Would you like money available in case of emergencies? Need to send your kid to college? Thinking of improving your home? A Home Equity Line of Credit (HELOC) from Somerset Investors Corp. may be just what you’re looking for. A HELOC works a lot like a credit card with a much lower interest rate. You will have money available, secured by the equity in your home, that you can draw on and use at any time. Or, you can decide to withdraw the entire amount in one lump sum at closing. Best of all, the interest is usually tax-deductible!
New Home Financing
Somerset Investors Corp. can find you the perfect loan and start your home purchase off right. With hundreds of loan programs available, we’ll help you match your needs with a loan you’ll love for as long as you own your home. Somerset Investors Corp. can find you the perfect loan and start your home purchase off right. With hundreds of loan programs available, we’ll help you match your needs with a loan you’ll love for as long as you own your home.
Fixed Rate Loans
Several categories of conventional loans exist, the most common and familiar being the fixed rate mortgage. In the cases of fixed rate mortgages, the borrower will lock in an interest rate, and pay down both the principal and interest on the loan at that interest rate every month until the mortgage is paid off. The most typical term of a fixed rate loan is 30 years, though fixed rate mortgages can also be obtained for much shorter terms, the primary difference being in the size of the monthly mortgage payment.
Other conventional loans are known as conforming loans. In these cases, an arrangement is made between borrower and lender that comply with the stipulations of two federally run mortgage trading companies (or Government Sponsored Entities – GSEs) Fannie Mae (FNME) and or Freddie Mac (FHLMC).
Fannie Mae and Freddie Mac do not directly approve or deny loans. They buy and sell home mortgages, working with lenders to make home ownership easier for people to attain. Lenders like to sign up borrowers with conforming loan, because they can then sell these loans to Fannie May or Freddie Mac in order to more quickly receive the funds coming to them, and use those funds to make other investments. Fannie Mae and Freddie Mac, in turn, then repackage these loans to sell to investors as securities.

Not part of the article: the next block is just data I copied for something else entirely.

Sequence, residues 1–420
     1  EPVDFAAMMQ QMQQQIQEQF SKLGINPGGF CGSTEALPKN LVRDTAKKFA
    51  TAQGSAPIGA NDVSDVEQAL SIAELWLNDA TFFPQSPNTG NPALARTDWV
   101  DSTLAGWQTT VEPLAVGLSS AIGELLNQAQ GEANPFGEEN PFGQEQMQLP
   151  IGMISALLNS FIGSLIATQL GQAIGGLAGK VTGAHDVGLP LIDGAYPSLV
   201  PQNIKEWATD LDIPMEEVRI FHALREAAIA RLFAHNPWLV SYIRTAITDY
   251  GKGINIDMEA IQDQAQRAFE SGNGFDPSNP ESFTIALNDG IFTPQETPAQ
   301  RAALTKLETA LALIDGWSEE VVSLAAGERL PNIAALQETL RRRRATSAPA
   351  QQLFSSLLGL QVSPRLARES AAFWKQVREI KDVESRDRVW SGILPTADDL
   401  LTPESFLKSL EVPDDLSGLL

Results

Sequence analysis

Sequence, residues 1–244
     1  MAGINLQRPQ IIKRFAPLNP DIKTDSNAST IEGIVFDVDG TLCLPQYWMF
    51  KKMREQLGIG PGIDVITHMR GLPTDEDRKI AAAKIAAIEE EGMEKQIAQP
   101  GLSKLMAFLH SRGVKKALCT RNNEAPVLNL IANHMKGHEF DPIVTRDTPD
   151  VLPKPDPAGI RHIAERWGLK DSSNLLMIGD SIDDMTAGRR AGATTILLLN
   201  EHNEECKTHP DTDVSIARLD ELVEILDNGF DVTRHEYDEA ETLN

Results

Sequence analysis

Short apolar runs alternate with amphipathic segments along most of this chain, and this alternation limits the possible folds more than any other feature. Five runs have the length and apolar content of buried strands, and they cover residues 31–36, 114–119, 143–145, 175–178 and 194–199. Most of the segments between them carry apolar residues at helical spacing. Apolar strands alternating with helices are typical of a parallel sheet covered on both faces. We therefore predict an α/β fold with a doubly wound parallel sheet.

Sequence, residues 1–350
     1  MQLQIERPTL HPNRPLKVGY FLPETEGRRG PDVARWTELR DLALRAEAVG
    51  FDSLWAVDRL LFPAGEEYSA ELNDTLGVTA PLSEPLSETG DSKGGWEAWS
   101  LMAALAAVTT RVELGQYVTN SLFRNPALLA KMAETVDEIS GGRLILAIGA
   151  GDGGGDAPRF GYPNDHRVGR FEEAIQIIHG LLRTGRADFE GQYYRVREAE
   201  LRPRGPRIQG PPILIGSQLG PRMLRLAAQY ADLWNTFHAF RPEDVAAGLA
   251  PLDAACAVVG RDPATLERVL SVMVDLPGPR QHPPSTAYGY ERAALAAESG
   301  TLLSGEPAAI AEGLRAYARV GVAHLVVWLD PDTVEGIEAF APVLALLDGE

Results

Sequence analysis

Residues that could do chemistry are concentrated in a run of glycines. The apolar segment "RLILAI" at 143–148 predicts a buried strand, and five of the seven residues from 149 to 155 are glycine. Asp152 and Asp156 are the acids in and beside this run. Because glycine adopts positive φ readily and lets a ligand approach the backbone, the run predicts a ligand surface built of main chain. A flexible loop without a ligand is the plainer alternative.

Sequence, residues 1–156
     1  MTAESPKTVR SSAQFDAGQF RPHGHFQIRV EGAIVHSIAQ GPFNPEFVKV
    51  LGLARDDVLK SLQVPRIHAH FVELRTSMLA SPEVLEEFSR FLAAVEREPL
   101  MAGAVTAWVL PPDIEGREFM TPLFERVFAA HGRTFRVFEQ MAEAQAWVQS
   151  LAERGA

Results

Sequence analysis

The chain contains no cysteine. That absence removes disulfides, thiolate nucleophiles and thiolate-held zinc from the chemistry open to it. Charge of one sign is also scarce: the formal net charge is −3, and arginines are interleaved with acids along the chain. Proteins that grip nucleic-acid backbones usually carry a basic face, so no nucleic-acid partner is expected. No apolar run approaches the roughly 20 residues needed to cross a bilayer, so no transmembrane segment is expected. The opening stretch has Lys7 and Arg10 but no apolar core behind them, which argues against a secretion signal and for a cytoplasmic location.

The current guidelines for a conventional Fannie Mae loan set a maximum purchase price for a single-family home at slightly above $415,000 (though residents of Alaska, Hawaii, or Guam may be able to qualify for an even larger loan).
The interest rate as well as the short- and long-term pricing on a conforming loan is determined primarily by the type of loan applied for. Also taken into consideration will be the amount of funds you already have to contribute to closing costs, your credit rating, credit score, and credit history, your employment history, and the type and location of the home in question.
Other forms of conventional loans are nonconforming loan instruments that do not meet Fannie Mae or Freddie Mac loan qualifications, such as jumbo loans, or loans so large they fall outside the Fannie Mae and Freddie Mac loan limits (or purchase limits). Jumbo loans are provided by private investors and as such ordinarily come with much higher interest rates than conforming loans.
Government entities from a local to a federal level and private entities alike have worked to develop loan programs that make home ownership a reality for many people considered under-qualified for traditional mortgages. These include loans for first-time homebuyers and people with a low-to-moderate income that are insured by the Department of Housing and Urban Development (HUD) via the Federal Housing Administration (FHA).
HUD and the FHA do not make loans directly, rather they insure loans, meaning that the lender still gets paid back even if you default on the home loan.